Michelle E. (@micee) - Profile Photo

Michelle E.



I like jazz music and bacon. Learning new things is one of my obsessions.






Joined Jun 19, 2020

Letter writing is thriving

Letter writing - by hand - is linked with mental health benefits.

Letter-writing may seem like a lost art form. However, during the initial quarantine and beyond, statistics showed an increase in sales of notecards and writing papers. TikTok's hashtag #penpal has over 192 million views and penpal communities are increasing globally.

Michelle E. (@micee) - Profile Photo



Stashed ideas


What comes to mind when we think of communication skills
  • Public speaking, clarity, and tone of voice, and the ability to organize our thoughts in a logical manner are the most common.
  • When thinking about oral communication, this would include the pacing of our speech along with the tone of our voice.
  • When thinking about written communication, this would include word usage, sentence length, and formatting.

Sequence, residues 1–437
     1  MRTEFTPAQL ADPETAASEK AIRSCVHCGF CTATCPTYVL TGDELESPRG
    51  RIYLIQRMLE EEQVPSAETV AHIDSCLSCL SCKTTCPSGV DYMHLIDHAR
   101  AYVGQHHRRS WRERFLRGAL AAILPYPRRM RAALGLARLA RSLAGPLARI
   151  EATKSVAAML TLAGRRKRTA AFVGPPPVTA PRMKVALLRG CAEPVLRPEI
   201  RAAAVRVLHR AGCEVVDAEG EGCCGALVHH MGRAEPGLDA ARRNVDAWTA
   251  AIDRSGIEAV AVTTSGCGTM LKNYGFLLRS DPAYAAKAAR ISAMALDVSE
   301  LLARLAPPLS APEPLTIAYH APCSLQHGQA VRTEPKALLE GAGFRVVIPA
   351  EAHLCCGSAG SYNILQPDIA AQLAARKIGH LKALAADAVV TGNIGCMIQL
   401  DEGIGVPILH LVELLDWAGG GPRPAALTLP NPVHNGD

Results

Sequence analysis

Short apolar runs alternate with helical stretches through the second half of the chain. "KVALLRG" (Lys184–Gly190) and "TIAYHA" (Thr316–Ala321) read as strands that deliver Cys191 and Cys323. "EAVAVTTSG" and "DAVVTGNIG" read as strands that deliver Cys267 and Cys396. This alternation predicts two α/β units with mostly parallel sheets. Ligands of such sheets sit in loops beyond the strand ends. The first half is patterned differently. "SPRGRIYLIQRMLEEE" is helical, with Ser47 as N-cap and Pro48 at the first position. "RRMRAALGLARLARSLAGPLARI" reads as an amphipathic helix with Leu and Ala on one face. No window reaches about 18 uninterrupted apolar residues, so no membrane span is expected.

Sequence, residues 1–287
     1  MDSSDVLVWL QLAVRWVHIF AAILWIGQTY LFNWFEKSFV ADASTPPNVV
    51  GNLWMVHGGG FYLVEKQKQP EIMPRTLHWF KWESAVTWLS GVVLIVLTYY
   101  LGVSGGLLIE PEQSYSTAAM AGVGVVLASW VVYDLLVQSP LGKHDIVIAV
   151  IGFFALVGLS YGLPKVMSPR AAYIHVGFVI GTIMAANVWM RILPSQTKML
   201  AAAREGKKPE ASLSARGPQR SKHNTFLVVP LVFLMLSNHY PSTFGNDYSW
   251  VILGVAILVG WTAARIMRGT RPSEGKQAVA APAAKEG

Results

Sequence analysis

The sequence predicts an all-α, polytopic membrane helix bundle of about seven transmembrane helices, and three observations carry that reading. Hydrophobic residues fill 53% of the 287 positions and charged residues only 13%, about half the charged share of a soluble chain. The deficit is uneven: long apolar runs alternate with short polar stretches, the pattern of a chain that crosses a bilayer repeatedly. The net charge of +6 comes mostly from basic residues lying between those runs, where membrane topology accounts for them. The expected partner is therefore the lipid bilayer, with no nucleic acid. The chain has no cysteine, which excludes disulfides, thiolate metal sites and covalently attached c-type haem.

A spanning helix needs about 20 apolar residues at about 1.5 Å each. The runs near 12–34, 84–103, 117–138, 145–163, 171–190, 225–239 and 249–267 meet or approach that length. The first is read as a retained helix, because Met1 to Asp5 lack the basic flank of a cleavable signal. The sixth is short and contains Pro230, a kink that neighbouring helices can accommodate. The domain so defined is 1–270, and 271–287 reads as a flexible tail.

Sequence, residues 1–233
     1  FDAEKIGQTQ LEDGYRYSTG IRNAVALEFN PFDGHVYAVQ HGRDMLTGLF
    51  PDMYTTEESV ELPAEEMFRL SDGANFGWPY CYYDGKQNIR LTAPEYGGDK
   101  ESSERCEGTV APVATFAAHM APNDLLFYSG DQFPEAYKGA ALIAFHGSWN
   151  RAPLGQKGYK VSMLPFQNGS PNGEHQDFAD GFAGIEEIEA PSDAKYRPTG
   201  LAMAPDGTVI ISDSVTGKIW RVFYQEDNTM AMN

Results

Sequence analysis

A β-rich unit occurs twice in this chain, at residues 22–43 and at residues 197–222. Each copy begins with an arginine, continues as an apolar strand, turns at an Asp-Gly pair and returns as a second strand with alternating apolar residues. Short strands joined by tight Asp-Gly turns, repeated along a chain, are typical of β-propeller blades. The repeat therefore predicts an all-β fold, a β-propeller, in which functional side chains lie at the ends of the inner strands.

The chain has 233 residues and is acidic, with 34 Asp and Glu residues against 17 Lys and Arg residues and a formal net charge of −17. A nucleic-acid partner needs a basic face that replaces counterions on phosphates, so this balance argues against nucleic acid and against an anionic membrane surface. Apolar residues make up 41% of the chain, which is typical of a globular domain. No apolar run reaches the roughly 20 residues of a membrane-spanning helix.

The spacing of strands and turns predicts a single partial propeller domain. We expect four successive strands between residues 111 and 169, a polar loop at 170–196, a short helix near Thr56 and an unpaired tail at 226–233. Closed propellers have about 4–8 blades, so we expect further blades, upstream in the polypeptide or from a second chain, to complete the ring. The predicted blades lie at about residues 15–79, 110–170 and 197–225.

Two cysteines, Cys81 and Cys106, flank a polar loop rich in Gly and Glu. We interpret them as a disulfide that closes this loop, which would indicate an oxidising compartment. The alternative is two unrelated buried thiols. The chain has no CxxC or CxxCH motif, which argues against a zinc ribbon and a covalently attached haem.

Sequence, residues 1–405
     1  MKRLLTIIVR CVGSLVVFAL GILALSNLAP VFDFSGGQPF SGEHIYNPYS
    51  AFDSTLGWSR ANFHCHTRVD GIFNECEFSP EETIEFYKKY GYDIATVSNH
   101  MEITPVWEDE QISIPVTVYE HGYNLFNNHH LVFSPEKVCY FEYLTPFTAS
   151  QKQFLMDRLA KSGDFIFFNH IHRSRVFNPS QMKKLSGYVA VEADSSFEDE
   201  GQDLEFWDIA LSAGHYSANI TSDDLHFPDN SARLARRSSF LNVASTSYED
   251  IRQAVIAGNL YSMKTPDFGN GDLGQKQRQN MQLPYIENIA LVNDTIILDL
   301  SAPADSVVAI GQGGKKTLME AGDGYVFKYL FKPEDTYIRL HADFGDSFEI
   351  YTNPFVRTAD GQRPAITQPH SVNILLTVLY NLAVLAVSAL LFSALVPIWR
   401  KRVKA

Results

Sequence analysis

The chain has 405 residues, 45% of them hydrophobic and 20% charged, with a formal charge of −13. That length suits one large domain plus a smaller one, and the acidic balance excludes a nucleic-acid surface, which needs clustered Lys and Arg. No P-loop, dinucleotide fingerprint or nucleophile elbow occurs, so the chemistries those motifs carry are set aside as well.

But this is only half of communication.

Anger can make people seem less trustworthy

New research published in Psychological Science found that being angry at a false accusation can make the accused come off as untrustworthy, and therefore, guilty. However, their anger is usually a sign that they're innocent.

The study noted that we pay attention to other's emotions to understand social situations. It's particularly true when deciding whether we should trust someone.

The value of small talk

Small talk can be defined by how much information is exchanged. If you know nothing more about the other person than you knew before the conversation, then it is small talk.

Research shows that small talk with people, even with strangers, can boost our mood. While small talk often feels boring and awkward, one can turn it into enjoyable small talk by commenting on a shared experience or asking open-ended questions.

How to talk to children
  • Children often cannot formulate their words to express what they're feeling. If you ask, "How was your day?" they may shrug because they don't know what part of their day you're interested in. Making your questions more specific can help: "What was the best thing about your day?"
  • Try to meet your child's emotions, rather than telling them how to feel. If your child says, "I hate everyone in my class", you may want to tell them that it is not a nice thing to say. Instead, help them find other words to draw out their emotions. "It sounds like you had a really bad day."

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